Aarti for Girls was founded on this principle; a chat with founder Sandhya Puchalapalli
IN 1977, Sandhya Puchalapalli, an English teacher in her early twenties, moved to Kadapa, Andhra Pradesh, with her husband and two young girls. Working as a government high school teacher, Sandhya became painfully aware of the discrepancies between male and female children in the Kadapa district.
Many of the girls she taught and interacted with in her community were forced into early marriages, taken out of school to work as domestic help as early as aged six, and lacked educational or vocational opportunities. Girls were prepared for a reality of marriage after secondary school and likely frequent domestic abuse.
Sandhya and the other concerned teachers helped in small ways, such as raising money for the nominal school fees that many students often could not afford, but Sandhya was deeply disturbed and saddened by the bleak futures offered to the girls.
In 1992, a washerwoman approached Sandhya with a two-year-old girl, Radhika, who had been abandoned on the streets of Kadapa. Her father had killed her mother in yet another case of domestic violence, and he had abandoned the child. Triggered by the past injustices she had seen, Sandhya decided that she would foster the girl.
This defining moment marked the beginning of a life’s work. After taking the baby in, Sandhya, her young nieces, and her friends (Sunita, Durga, and Vimala) decided to establish a home for a few abandoned girls. At this time, they had simple goals: to give these girls a home, support their education, and teach them that they are valuable. Soon, community members from all walks of life stepped up to support their cause. From these humble roots, Aarti For Girls was born.
As part of our new series Lead Read (quick catch-ups with thought leaders in the social sector) we had a conversation with Sandhya about her 30-year journey with Aarti for Girls and where she stands now.
Q. What is the most heart-touching thing that has happened to you through your NGO?
In 2015, we started a project with the European Union to change the attitudes of society towards girl children. This project envisaged us reaching 1,500 villages of Kadapa district, working on the ground to enable girl’s education and women leadership so that we change our girl child ratios.
As we were starting the project, four girls came to me saying that they wanted to take a gap year after their 12th grade so that they can work on the project. I was worried as I did not want these children to miss out on their education. The children were insistent saying that they did not want a world where more mothers were forced to abandon their children like their mothers were. The children convinced me and I agreed hesitantly.
The children put their heart and soul into changing attitudes through 1,540 village meetings reaching half a million people, role modelled by telling their stories, and educating women about their rights. They were able to stop more than 300 sex selective abortions, school enrolment has increased by 2% amongst girls ever since then and has brought about an overall change in the attitudes of thousands around them.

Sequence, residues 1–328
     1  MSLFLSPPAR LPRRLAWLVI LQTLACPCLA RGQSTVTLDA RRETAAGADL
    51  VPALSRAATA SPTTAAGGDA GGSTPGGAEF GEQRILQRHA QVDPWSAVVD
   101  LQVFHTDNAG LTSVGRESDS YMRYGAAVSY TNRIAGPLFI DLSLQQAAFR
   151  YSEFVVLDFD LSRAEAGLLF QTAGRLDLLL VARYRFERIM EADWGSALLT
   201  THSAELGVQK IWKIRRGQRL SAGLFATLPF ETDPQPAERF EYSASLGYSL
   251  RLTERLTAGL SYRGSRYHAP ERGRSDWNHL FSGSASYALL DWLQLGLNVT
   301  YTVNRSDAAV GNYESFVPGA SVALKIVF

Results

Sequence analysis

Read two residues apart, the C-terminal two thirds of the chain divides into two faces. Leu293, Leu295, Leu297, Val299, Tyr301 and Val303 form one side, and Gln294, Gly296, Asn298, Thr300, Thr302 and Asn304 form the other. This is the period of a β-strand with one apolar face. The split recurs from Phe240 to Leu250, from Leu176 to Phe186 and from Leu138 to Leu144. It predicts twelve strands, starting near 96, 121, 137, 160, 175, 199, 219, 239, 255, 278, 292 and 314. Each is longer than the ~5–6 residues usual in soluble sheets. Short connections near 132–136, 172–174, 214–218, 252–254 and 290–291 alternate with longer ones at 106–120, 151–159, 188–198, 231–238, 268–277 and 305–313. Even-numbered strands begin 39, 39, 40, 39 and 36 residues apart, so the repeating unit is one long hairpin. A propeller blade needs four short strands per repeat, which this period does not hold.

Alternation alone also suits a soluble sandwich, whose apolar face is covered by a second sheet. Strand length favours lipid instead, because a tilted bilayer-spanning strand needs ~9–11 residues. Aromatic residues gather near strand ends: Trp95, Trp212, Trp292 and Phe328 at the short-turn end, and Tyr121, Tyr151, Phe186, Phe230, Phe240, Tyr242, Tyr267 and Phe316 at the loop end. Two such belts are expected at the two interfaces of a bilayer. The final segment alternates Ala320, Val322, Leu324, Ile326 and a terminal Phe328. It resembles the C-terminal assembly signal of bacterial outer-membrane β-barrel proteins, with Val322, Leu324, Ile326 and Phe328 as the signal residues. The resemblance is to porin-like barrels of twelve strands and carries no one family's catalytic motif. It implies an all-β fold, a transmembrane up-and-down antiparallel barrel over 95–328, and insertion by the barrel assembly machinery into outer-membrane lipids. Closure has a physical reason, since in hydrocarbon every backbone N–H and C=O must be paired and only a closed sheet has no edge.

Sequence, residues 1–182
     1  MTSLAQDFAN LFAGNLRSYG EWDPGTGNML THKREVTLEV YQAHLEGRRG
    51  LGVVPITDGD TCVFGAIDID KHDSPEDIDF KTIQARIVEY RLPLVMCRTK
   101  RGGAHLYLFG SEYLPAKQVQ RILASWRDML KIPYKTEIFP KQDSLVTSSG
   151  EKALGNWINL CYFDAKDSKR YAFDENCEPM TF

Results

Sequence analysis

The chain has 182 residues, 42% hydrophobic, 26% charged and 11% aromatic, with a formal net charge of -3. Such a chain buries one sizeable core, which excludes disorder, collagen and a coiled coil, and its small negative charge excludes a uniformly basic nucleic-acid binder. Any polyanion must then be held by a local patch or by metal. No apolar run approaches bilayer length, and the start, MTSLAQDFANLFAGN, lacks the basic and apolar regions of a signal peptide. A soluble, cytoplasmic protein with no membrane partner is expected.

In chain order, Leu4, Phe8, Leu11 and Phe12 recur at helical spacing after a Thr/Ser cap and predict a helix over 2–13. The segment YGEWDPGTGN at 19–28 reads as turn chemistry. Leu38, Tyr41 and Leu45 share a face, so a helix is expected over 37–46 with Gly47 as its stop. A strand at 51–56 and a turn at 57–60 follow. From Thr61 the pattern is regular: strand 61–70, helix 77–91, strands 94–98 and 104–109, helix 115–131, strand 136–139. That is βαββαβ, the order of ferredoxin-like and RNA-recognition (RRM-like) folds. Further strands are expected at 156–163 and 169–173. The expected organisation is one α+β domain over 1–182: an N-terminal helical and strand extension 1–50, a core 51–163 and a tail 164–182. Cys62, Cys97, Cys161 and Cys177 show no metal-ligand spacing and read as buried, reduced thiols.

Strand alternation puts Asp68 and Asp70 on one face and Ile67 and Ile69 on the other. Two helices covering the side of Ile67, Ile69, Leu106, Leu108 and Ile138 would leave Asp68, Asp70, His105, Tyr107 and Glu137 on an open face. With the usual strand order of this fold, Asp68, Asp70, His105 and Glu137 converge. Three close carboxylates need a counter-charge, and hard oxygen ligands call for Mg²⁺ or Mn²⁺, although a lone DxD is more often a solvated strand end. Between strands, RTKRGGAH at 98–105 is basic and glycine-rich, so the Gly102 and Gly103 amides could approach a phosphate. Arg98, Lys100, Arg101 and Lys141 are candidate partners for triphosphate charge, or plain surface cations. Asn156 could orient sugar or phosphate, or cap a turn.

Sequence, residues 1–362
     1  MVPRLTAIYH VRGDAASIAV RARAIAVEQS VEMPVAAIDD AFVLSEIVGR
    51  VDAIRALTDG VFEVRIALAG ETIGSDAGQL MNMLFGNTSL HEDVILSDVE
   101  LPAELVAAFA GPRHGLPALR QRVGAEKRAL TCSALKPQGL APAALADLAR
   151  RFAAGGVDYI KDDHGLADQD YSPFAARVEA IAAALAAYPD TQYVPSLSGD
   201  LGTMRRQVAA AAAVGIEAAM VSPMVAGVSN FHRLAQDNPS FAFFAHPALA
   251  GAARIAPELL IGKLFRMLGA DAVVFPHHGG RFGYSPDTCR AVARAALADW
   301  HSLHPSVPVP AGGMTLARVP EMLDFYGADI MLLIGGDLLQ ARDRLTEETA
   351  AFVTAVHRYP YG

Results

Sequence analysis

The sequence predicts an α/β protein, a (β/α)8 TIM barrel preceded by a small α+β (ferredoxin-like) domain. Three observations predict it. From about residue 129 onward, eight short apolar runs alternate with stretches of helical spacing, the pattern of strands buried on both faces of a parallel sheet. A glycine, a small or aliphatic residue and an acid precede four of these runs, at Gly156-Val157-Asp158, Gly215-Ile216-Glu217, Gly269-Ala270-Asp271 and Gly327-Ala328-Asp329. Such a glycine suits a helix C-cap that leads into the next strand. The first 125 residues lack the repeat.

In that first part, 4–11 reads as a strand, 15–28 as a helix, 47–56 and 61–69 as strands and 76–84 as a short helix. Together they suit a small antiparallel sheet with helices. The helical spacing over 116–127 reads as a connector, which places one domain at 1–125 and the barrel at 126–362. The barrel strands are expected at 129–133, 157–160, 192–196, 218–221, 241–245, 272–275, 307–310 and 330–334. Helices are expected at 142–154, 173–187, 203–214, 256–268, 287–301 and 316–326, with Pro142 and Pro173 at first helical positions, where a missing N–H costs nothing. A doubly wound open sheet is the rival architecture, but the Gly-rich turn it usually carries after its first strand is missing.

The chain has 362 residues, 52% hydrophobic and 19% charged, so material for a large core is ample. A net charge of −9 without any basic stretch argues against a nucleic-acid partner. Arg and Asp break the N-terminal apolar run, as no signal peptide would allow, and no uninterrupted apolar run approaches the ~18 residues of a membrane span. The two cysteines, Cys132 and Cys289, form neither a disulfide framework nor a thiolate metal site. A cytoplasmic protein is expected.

I am so happy that the little beginning that we did has enabled these children to make it much larger.
Q. When would you say that you have accomplished what you set out to do? As in what goal would you have to get to?
Soon after starting Aarti Home, I realized that our problems are much larger than I ever imagined- I saw girls being abandoned because they were girls; being denied education because dowries for educated girls are much higher; women abused because they were women, and mothers killed because they were birthing daughters. Our girl child ratios are 919 girls to 1000 boys, ie we kill one in 10 girls before they are 5.
A strong capable mother would mean that we would have a lower need for ‘Aarti Homes’. We have trained 30,000 women in entrepreneurial and leadership skills, created mandal level support groups for women in Kadapa and Chittoor districts and reached 4,00,000 women on their rights. We have launched an app on women’s rights. With all this we have been able to move the girl child ratio in Kadapa district from 919 to 938 according to government statistics.
However, I believe that we are far from where we need to be. We need to build a society where girls are as wanted as boys, girls are given the opportunities to be whatever they want and define their own destinies. Our journey has just begun!
Q. Who is Sandhya Puchalapalli outside Aarti for girls?
I am a grandmother who loves to read and teach English literature. My grandson asks me for help in reading and understanding poetry and drama. I have been both thrilled and energized by the literature that children get to read. I am particularly enjoying reading and analyzing Crucible by Arthur Miller.
I also have a terrible sweet tooth that I share with my grandchildren.
Q. What 3 things help you stay active and motivated?
I enjoy spending time connecting with friends and family. I do think, while COVID created pain and misery, it brought people together in their need to connect with family and friends
I try and do yoga twice a week
I watch movies with my niece, Mytri, who always recommends the best ones.
Q. What word of advice would you like to give to someone who wants to join the social sector?
Smallest of good deeds is greater than the grandest of good intentions. I would ask them to start. Once you start, you will figure out
Interviewed by Abhishek Pde
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